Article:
It has been over a month since the Albuquerque Police Department’s tactical team started a house fire that killed 15-year-old Brett Rosenau on July 6. Still, the agency hasn’t produced all or really any of the details of the incident, instead spending the past month assembling what can only be described as a highlight reel of what police think the public deserves to know.
To put it briefly, what we now know is that APD officers were looking for Qiaunt Kelley, who had an active retake warrant for absconding from parole. The warrant was issued in March, and APD could have arrested him or attempted to locate him at anytime during the prior months if they had wanted to.
It wasn’t until July, after Kelley was accused of involvement in several other violent crimes, that APD used the pre-existing warrant to arrest Kelley. In fact, the pre-existing parole violation warrant became grounds for the search warrant APD obtained when Kelley refused to come out of the home on San Joaquin Ave.
“Detectives were conducting surveillance,” APD Detective Eric Enzel wrote in the affidavit for the search warrant. “Attempting to locate Kelley who was known to have an active Felony warrant (robbery) for his arrest.”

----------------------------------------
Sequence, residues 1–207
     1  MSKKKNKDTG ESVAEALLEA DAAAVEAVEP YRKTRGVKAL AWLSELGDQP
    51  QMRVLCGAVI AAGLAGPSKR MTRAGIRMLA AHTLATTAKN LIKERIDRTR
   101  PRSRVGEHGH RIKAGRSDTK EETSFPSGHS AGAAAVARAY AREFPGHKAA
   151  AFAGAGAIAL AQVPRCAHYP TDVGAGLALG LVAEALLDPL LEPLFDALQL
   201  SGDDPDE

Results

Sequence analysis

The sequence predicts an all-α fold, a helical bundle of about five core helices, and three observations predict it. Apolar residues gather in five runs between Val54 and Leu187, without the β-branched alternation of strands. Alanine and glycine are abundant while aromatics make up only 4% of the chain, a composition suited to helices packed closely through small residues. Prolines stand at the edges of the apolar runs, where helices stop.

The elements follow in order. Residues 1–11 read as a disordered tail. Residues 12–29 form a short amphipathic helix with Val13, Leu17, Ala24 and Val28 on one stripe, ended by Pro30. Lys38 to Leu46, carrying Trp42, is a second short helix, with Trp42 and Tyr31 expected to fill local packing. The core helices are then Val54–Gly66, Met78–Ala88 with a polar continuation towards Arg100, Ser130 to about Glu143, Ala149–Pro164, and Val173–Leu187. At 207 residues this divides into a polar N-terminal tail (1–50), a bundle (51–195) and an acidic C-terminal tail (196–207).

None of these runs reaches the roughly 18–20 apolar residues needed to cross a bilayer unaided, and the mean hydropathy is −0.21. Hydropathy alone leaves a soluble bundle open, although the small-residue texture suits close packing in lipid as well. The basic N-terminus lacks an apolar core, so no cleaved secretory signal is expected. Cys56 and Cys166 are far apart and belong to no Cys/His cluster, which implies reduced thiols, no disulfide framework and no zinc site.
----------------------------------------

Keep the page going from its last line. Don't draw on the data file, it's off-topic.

In the hours that Kelley and Rosenau were inside the home, APD assembled an array of troops that surrounded the home and used various munitions, loudspeakers, robots, armored vehicles and drones, all in a stated attempt to arrest Kelley for absconding from parole.
Some of those munitions, specifically a Flameless Tri-Chamber canister, caught a mattress on fire, which ultimately destroyed the home and lead to Rosenau’s death from smoke inhalation. Those canisters are known to cause fires, as we previously reported. The fire has been declared “accidental.”
The Highlight Reel
Last week APD held a press conference, where they released a series of carefully selected and trimmed audio and video clips from the July 6-7 police action. The released video and audio from the incident that lasted more than 8 hours and 50 minutes showed a total of 14 minutes and 26 seconds of APD actions that day. Nearly eight minutes of the footage included drone videos of the home and did not show any of the officers’ actions.